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Governance Intel: July 2012

Busara Governance Intel Newsletter


In this issue of Governance Intel, we explore Innovation in Governance – and how the fervour of innovation at organisational level, in products and services has not had the concomitant attention to innovations in governance rules and regulations, which in turn can have catastrophic implications. We assert that the next challenge in governance that needs attention and innovation is a global governance framework. We are not alone. Multi-billionaire financier, George Soros' calls for global governance reform are gaining momentum. The global financial crisis is proof that there is a governance gap as a result of shortcomings in national policies and regulations in the face of global finance, multinationals and global entrepreneurship spurred by advances in information and communication technologies and due to globalisation.

We also share with you some ideas of how eighteen years into our democracy, our government can begin to do things differently in order to encourage positive headlines that dissociate it from the word corruption. These ideas were inspired by the former Police Commissioner, Bheki Cele’s unfortunate disclosure during the hearings on allegations of corruption that gripped our headlines for months. Innovation in Government would definitely be welcomed! We hope that you will find this newsletter enlightening food for thought and action, and that you will share it with others who may also find it interesting.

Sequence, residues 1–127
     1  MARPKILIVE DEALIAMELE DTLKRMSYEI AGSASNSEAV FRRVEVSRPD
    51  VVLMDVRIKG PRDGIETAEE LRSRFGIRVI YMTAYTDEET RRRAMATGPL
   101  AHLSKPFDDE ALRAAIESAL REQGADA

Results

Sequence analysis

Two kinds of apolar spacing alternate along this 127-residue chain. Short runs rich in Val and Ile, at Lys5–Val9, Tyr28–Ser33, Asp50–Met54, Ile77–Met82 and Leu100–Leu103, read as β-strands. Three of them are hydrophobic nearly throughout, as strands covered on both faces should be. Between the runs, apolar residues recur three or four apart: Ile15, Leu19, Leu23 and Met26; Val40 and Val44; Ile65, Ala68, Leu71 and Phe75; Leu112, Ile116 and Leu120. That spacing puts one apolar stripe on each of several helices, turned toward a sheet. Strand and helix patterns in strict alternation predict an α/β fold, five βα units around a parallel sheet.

Innovation in Governance

Corporate governance refers to formal and informal structures and processes that exist for oversight roles and responsibilities in organisations and institutions. Until the 1990s, the term ‘corporate governance’ was rarely uttered outside of law school texts and the academic world. Since the 1990s, there have been reforms in governance, but these have not been generally referred to as innovations, which is what they are. The general public hardly questioned the rules and behaviour governing organisations and institutions. The corporate scandals of the 1990s changed this complacency and corporate governance issues have come under increased scrutiny. The central challenge in corporate governance is how to make leaders accountable to their stakeholders while still having the freedom, incentives and control over resources to achieve the goals. Good corporate governance practices encourage institutions to create value whilst ensuring accountability using control systems commensurate with the risks involved.

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Innovation in Governance - Board level oversight of innovation practice

Innovation Governance provides the leadership and scrutiny instruments that encourage the right behaviours, structures and processes to become embedded across an organisation. It is not directly about how innovation is managed by practitioners (which is domain-specific and already supported by a sizable amount of literature in innovation management), but about how a Board of Directors, CEOs, and senior leaders promote and review innovation practice on behalf of their stakeholders.

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Wisdom of the Month

"You don't need to change the world; you need to change yourself." Miguel Ruiz